Bridget Ford. Bonds of Union: Religion, Race, and Politics in a Civil War Borderland. Civil War America Series. Chapel Hill: University of North Carolina Press, 2016. 424 pp. $45.00 (cloth), ISBN 978-1-4696-2622-2.
Reviewed by Megan L. Bever (Missouri Southern State University)
Published on H-War (July, 2017)
Commissioned by Margaret Sankey (Air War College)
In Bonds of Union: Religion, Race, and Politics in a Civil War Borderland, Bridget Ford seeks to understand the meaning of “union” along the Ohio River during the decades preceding and including the Civil War. Specifically, Ford’s study compares the cities of Cincinnati and Louisville—communities well known among historians for their religious and racial diversity and, also, their religious and racial strife during the antebellum years. But, as Ford explains, these two cities also experienced tremendous growth before the war; native-born white Americans, immigrants, and African Americans (free and, in Louisville, enslaved) converged on the region because the river offered economic opportunities. Ultimately, the inhabitants of these communities forged bonds of union that were rooted in Christianity and that championed a democratic society inclusive of diverse peoples (including immigrants and African Americans).
Ford’s study builds on the recent work of historians seeking to understand what “the Union” meant in Civil War America. In many ways, her work serves as a thoughtful and elaborate prequel to Gary W. Gallagher’s The Union War (2011), and it joins other recent studies on loyalty along the Ohio River border, such as Christopher Phillips’s The Rivers Ran Backward: The Civil War and the Remaking of the American Middle Border (2016) and Stephen I. Rockenbach’s War upon Our Border: Two Ohio Valley Communities Navigate the Civil War (2016). Her work will also be useful to scholars of antebellum Kentucky and Ohio and American religious history, and to those who seek to place the sectional conflict and the war firmly within the context of westward expansion and empire. An intellectual history, the work relies on the writings of myriad Ohioans and Kentuckians to make the case for union. And while readers will not be surprised to find analyses of Salmon Chase, the Beechers, or Henry Clay, the study focuses heavily on the ideas of—the perhaps less familiar—Henry Adams, William Gibson, Eliza Potter, John Mercer Langston, and multitudes of women who wrote poetry and devotional literature (which Ford argues has all too often been disregarded by historians as sentimental rubbish).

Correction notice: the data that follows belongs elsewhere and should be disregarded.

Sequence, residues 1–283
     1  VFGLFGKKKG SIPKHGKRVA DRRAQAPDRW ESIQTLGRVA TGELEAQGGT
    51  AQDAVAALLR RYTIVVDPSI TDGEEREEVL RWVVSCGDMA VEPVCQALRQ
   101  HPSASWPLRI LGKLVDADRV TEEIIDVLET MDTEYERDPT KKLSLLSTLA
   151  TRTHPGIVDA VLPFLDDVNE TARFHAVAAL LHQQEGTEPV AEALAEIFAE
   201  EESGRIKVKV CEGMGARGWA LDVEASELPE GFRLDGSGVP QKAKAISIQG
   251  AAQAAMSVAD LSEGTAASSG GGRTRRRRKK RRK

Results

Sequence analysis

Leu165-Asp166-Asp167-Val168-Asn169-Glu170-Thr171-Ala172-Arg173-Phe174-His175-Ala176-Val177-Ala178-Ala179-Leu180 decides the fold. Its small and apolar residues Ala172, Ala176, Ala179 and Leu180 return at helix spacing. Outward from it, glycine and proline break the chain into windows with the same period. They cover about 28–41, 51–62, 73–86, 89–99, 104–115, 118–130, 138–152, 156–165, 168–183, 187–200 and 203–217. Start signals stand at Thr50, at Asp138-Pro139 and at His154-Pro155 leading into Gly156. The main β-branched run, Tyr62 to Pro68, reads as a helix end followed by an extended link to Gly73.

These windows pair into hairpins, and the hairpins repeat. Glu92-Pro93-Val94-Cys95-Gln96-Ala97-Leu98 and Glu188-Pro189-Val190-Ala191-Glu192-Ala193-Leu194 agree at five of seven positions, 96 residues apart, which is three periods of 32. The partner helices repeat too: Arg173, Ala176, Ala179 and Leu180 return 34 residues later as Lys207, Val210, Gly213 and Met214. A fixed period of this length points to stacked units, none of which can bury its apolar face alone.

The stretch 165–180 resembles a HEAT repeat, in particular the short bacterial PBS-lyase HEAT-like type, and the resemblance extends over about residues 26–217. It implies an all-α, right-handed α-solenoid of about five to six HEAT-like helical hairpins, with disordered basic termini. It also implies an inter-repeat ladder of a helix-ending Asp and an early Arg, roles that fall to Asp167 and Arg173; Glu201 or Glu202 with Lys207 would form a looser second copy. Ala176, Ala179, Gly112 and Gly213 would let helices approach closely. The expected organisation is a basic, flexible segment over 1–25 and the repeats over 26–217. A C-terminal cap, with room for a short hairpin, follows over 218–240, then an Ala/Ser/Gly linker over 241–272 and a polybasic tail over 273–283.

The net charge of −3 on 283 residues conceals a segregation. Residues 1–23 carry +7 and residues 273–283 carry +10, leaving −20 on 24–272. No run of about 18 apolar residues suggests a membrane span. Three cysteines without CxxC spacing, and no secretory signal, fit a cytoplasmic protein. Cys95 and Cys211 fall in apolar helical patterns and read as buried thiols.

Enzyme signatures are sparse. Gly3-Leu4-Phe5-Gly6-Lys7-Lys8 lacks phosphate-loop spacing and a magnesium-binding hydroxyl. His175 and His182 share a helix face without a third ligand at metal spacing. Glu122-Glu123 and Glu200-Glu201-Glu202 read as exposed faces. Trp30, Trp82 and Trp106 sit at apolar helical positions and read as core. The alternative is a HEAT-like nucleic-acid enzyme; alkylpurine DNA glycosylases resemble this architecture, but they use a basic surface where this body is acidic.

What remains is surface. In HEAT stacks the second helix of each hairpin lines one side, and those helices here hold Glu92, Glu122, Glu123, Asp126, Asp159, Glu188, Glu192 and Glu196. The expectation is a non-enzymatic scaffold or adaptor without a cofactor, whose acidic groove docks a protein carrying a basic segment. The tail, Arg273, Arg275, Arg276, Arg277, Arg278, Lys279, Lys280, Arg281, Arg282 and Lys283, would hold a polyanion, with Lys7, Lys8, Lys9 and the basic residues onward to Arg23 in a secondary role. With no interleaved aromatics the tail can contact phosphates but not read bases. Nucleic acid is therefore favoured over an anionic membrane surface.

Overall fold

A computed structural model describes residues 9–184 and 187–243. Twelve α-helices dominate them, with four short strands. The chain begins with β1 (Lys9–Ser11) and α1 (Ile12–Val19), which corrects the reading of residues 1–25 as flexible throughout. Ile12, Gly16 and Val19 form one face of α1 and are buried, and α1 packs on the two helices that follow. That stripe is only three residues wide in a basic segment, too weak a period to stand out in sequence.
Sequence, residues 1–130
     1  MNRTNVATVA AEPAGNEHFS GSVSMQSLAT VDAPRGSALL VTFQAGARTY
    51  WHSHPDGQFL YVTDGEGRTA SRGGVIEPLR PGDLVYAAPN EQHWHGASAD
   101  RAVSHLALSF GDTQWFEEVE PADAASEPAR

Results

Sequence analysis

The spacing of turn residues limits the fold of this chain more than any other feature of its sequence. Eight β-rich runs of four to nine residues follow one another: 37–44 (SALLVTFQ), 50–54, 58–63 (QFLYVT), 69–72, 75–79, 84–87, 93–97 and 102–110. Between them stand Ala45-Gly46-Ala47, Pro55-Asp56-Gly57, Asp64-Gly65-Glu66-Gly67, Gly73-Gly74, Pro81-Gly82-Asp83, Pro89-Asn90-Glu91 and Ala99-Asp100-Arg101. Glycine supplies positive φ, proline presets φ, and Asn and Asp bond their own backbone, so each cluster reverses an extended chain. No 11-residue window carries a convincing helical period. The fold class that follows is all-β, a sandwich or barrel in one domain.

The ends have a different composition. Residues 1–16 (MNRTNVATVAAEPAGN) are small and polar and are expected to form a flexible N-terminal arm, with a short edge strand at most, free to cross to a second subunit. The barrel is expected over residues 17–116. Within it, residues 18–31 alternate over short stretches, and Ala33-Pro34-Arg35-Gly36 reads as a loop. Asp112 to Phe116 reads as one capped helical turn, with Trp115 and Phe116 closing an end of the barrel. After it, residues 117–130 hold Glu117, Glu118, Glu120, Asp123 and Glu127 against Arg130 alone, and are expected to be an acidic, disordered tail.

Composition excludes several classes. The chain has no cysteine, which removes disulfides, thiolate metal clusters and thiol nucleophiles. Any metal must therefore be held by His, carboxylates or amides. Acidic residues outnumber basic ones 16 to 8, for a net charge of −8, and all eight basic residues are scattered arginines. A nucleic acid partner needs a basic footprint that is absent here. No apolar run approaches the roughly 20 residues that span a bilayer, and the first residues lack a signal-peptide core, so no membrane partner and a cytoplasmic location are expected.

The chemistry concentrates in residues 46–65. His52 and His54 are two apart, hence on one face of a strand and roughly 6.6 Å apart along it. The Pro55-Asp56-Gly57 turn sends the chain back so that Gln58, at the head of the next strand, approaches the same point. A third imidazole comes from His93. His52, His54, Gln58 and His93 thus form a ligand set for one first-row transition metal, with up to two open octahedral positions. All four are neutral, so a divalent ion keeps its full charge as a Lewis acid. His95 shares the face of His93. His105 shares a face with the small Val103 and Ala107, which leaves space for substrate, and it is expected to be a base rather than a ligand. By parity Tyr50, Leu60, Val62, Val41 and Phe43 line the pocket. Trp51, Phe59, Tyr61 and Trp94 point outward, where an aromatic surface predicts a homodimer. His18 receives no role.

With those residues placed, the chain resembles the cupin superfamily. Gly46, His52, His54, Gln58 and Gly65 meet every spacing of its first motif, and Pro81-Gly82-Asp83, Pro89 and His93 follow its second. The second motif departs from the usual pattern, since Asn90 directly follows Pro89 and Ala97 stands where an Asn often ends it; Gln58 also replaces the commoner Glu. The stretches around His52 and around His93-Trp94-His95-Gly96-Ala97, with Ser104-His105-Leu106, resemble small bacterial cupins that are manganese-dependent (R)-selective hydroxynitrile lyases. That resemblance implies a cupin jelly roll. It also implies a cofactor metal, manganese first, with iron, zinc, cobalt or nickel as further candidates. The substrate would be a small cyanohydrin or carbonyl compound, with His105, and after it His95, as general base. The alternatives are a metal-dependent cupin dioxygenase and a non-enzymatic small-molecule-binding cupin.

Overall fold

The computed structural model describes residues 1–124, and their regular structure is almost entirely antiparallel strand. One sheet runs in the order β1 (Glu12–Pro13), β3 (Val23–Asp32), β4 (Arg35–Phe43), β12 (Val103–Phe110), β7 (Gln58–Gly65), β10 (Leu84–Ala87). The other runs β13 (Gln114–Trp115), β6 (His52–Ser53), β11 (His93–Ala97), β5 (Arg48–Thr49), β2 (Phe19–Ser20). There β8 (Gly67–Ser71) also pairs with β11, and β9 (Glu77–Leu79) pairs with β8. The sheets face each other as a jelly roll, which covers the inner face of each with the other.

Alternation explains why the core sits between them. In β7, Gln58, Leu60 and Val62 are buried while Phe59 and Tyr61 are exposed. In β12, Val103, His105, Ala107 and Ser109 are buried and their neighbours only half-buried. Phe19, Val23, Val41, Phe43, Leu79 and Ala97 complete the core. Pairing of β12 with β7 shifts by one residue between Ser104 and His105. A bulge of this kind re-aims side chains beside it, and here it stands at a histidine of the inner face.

Using these writings, Ford argues that Cincinnatians’ and Louisianians’ concepts of “union” were rooted in their Christianity, or their spiritual union with God. Because of their western locations, both cities became hubs for evangelicals filled with the missionary zeal of the Second Great Awakening. As German immigrants flocked to the region as well, Catholic congregations grew to accommodate them. The result, according to Ford, was a vigorous competition for souls. Protestant congregations built elaborate churches and published devotional literature, both inspired by the Catholic tradition. And, for their part, Catholics along the Ohio River embraced a more emotional, evangelical version of their faith. Within this bustling religious atmosphere, autonomous African American congregations established themselves in both cities. Ford does not ignore religious discord. She explores anti-Catholic sentiment in depth, and she focuses significant attention on the splintering of evangelical denominations into pro- and antislavery factions. Still, Ford concludes that in both communities religion served as a unifying bond because many Christians were consumed with alleviating human suffering.